Today’s topic is defining local market knowledge for buying real estate. Our topic includes four areas related to establishing local market knowledge:
[00:00:05] The reason this topic is important is because this is no place to get cocky. We all have a place (metropolitan, city county or state) that we know better than any other place. And for many of us we think we know it better than anyone else. But that's not necessarily true.
[00:00:21] I want you to step back and think about the topics we're discussing today within the local market knowledge and make sure that you have a grasp of the topical areas and that you can apply them to your real estate holdings and to your acquisition strategy. Whether you're buying duplexes or $20 million-dollar office buildings thinking that you know the local market is not the same as knowing that you know the local market.
[00:00:48] The markers that I'm presenting today are for your consideration to make sure that you're covering all your bases with respect to knowing the markets that you are putting dollars into. As many of you heard me say before, very often, I understand, that the dollars going into these deals is your money. Because it's your money you should have a great amount of interest in where it's going.
[00:01:14] The tools that I represent, and tools that I try to present to my audience, are those that they can use on the back of an envelope to make those initial cuts before you dive deeper into the real analysis of the deal.
[00:01:29] If you're short circuiting even on local market knowledge then you're already in trouble. If you're going into (due diligence) with the attitude that no one knows more than me that usually means we're going in with a blind spot because we think we know more than everybody else. I'm sure there are occasions where that's true but often it's not true and we need to know what it is we're getting into.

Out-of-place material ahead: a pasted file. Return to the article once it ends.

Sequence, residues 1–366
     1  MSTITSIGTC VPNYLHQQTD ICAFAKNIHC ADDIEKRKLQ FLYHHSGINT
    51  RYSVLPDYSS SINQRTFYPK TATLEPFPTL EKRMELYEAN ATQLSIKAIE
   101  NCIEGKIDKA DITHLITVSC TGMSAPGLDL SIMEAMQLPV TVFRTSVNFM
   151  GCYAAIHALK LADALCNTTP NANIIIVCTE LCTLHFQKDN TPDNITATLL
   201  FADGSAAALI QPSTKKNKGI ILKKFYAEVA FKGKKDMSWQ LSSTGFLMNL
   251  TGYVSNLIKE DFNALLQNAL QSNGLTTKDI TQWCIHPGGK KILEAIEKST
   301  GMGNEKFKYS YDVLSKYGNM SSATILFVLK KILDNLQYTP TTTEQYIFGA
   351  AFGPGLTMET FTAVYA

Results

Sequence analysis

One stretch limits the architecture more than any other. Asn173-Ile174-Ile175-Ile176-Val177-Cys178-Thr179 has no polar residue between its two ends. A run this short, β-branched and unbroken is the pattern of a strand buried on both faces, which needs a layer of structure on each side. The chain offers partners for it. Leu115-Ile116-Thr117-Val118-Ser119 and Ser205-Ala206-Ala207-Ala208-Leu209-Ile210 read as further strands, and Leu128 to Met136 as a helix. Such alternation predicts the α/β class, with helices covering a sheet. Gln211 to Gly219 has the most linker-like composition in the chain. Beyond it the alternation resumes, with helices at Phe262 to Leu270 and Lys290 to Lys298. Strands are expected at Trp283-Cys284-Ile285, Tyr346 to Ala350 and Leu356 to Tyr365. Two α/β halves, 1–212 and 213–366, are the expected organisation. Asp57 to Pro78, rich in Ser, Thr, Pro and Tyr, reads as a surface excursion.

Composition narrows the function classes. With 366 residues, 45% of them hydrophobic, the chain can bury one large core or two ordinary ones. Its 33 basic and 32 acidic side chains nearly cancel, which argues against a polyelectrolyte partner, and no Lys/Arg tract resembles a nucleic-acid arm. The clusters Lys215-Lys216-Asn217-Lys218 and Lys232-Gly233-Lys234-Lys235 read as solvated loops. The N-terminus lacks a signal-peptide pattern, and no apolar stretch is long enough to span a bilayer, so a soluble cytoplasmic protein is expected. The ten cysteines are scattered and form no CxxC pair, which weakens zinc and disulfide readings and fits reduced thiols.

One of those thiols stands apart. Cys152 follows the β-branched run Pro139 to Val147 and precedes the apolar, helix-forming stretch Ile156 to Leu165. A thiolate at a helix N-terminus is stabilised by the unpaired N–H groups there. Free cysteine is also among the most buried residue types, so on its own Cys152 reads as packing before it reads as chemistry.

[00:01:59] With respect to real estate investing it's a long term hold in many instances. Yes, there's people books that buy and flip but for most of us that buy real estate it's a buy and hold strategy and that buy and hold and be five to 15 years. The decisions we make on the buy side and the markets that we decide to buy into they are ultra-important and should not be taken lightly. Let's dive into learning more about local market knowledge.
[00:02:33] Think about the first property that you ever purchased. Just think about that her moment. Capture that property in your mind's eye. Think about if you can remember the address. Do you remember the square feet; do you remember the street? Do you remember what it cost? It could have been a long time ago. Think about the very first property you ever purchase. The decision point probably didn't have a whole lot to do with anything more than you needed a piece of property. And this is the one that you chose.
[00:03:10] Now there may have been more that went into the decision at that point but the likelihood that you determined that you needed to know as much as you do now is not very likely. As we get older and wiser we add knowledge and wisdom and we add further points that we need to review along the investment decision line to make sure we're making a quality decision.
[00:03:34] Think back to that very first property that purchased even then you probably looked to the left and right across the street to see a little bit about the age and condition of adjacent properties. That may have been the full extent of your local market knowledge. You may have known were local shopping was as compared to where that property was but not much else. And when you consider that stanza as compared to how you would look at an asset today, with your increased knowledge, skills and ability to be able to analyze an asset it's probably rather embarrassing. But we all must start somewhere, right.